Gerard Murphy’s anatomy and life drawings

An anatomy drawing by Gerard Murphy currently on display in GSA Library caught the eye of one of GSA’s Continuing Education tutors. Inspired by what was on display she and a few others made an appointment to view his other anatomy drawings and his life drawings.

Gerard Murphy was a student at Glasgow School of Art in the 1930s. Following his studies at the Art School, he went on to be an art teacher in several schools near Glasgow.  The Archives and Collections Centre has recently been gifted his student material, including architectural sketches, life studies and several anatomy drawings.

Life drawing by Gerard Murphy, GSA student, 1930s

Life drawing by Gerard Murphy, GSA student, 1930s

Another life drawing by Gerard Murphy - notice the life model is the life model in the photograph below!

Another life drawing by Gerard Murphy – notice the life model is the life model in the photograph below!

While browsing through the sketches we recognised the life model as being the same life model who appears in some of the photographs in our collection!

GSAA/P/1/851 Students with life model (centre), 1930s

GSAA/P/1/851 Students with life model (centre), 1930s

However the star of the show was definitely Murphy’s sketch of one of the School’s plaster casts which had our visitors in absolute awe:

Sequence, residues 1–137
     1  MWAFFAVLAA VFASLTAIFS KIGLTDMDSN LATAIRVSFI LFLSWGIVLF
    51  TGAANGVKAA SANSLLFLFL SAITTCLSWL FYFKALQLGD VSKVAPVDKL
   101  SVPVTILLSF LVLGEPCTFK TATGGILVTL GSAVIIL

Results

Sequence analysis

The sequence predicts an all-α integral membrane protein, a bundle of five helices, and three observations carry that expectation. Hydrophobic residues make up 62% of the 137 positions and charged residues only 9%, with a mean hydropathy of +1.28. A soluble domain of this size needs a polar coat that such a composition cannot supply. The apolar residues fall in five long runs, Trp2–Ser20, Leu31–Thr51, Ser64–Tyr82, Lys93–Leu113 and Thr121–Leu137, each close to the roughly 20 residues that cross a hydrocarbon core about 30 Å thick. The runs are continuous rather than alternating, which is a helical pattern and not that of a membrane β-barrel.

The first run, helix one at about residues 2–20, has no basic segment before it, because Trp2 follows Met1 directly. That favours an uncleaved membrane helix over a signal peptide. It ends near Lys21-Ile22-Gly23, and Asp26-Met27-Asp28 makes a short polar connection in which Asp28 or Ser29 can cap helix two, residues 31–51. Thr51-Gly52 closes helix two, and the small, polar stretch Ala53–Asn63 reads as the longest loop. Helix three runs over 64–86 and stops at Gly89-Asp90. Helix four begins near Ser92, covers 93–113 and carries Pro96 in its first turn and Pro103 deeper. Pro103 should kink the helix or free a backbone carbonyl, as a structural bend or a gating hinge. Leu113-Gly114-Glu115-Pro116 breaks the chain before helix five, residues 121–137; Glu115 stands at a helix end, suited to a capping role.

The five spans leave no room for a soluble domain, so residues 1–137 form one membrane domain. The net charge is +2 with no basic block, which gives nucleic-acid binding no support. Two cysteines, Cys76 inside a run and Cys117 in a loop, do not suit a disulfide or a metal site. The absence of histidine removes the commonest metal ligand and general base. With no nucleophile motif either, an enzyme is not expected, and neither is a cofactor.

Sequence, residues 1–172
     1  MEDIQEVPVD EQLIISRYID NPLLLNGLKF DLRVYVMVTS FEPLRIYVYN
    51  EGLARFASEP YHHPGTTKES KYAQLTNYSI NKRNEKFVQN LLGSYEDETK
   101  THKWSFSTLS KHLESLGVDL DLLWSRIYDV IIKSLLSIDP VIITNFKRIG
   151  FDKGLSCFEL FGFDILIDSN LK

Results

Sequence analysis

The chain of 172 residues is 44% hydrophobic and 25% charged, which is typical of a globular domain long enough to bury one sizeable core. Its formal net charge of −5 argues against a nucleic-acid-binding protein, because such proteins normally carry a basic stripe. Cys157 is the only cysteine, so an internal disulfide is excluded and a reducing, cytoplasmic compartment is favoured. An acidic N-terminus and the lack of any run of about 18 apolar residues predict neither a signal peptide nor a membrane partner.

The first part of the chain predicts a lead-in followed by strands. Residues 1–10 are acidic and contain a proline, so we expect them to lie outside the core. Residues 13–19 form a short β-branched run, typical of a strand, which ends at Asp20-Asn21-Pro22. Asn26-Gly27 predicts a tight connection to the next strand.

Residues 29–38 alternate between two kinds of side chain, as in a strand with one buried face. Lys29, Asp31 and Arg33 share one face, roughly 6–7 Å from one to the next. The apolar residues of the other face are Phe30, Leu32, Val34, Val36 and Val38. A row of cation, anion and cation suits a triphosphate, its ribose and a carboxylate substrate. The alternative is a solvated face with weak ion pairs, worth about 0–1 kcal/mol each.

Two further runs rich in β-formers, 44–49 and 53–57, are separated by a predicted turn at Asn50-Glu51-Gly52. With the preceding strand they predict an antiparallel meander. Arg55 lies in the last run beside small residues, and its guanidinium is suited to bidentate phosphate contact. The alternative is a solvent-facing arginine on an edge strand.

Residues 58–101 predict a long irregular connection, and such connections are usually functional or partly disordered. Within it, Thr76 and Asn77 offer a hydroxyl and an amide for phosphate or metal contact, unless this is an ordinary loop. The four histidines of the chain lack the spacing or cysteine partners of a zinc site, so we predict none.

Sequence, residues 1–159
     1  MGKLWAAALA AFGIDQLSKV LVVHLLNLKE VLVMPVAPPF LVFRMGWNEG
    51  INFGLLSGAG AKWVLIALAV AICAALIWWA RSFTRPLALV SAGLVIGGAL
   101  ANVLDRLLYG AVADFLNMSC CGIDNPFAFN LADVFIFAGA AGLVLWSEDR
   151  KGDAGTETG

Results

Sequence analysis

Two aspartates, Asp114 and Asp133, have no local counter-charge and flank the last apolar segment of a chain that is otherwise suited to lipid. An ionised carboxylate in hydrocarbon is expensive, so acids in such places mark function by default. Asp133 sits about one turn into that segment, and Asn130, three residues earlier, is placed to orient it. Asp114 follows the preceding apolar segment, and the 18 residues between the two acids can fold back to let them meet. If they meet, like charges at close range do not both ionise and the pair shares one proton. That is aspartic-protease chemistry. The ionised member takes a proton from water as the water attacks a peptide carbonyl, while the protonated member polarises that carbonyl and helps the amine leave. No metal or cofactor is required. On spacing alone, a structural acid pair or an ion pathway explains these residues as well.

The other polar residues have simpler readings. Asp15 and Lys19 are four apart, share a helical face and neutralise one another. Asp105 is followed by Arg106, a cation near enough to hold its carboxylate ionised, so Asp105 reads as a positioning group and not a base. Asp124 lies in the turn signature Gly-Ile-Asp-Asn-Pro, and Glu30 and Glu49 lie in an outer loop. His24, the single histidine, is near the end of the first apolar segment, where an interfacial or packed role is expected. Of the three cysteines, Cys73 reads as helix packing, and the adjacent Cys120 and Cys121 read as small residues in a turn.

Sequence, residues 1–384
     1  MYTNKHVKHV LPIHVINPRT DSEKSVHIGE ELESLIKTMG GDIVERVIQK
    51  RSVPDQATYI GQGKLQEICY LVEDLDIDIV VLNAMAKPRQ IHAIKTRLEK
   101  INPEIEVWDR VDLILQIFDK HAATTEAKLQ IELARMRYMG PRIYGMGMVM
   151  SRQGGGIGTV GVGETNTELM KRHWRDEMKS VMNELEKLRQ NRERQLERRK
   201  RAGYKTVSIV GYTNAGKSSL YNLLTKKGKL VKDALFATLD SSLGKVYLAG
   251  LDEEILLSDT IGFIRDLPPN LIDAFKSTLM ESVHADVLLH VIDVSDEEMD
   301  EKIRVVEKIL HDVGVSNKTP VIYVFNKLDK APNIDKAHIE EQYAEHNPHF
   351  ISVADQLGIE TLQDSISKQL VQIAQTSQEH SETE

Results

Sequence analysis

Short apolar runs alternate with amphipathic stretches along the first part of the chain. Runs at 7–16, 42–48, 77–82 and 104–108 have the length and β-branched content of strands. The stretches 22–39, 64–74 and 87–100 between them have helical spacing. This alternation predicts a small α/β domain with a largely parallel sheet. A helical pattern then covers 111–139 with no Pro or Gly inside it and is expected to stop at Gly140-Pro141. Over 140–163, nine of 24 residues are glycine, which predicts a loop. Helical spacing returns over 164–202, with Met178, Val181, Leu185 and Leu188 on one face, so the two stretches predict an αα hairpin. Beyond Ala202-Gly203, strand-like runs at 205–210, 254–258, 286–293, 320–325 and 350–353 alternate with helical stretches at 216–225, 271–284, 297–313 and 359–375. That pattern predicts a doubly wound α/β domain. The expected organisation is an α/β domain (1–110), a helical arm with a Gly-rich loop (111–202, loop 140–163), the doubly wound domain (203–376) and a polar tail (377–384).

Gerard Murphy's drawing of GSA's cast of Michelangelo's Slave

Gerard Murphy’s drawing of GSA’s cast of Michelangelo’s Slave

For more information on the history of Anatomy drawing at GSA and our current display in GSA Library read our PDF guide Anatomy at GSA, and if you’d like to come and see the sketches for yourself, do get in touch.

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GSA Plaster Cast Collection

For my placement for my MSc in Museum Studies at The University of Glasgow I am working to improve the catalogue entries for the cast collection at The Glasgow School of Art.  This information will form a record of what the School possesses, and will also be added to a new online catalogue, due to launch later this year, which will include images alongside the descriptions. The catalogue entries are compiled from several sources: the pieces themselves; two box files of card catalogues with Polaroids from the 1970s, and information from the School’s archives.

The catalogue entries are compiled from several sources: the pieces themselves; two box files of card catalogues with Polaroid’s from the 70’s, and information from the School’s archives.

The catalogue entries are compiled from several sources: the casts themselves; two box files of card catalogues with Polaroids from the 1970s, and information from the School’s archives.

Frustratingly until recently casts have been seen as the ‘poor relation’ of sculpture and art collections. According to one of the School tour guides, visitors have been surprised and disappointed to discover these are plaster copies and have often branded them ‘fakes’.

However, despite occasionally being considered a poor substitute for the real thing, the potential of casts should not be undervalued. In form they are virtually identical to the original sculpture and aesthetically could be said to provide the same experience of the original works.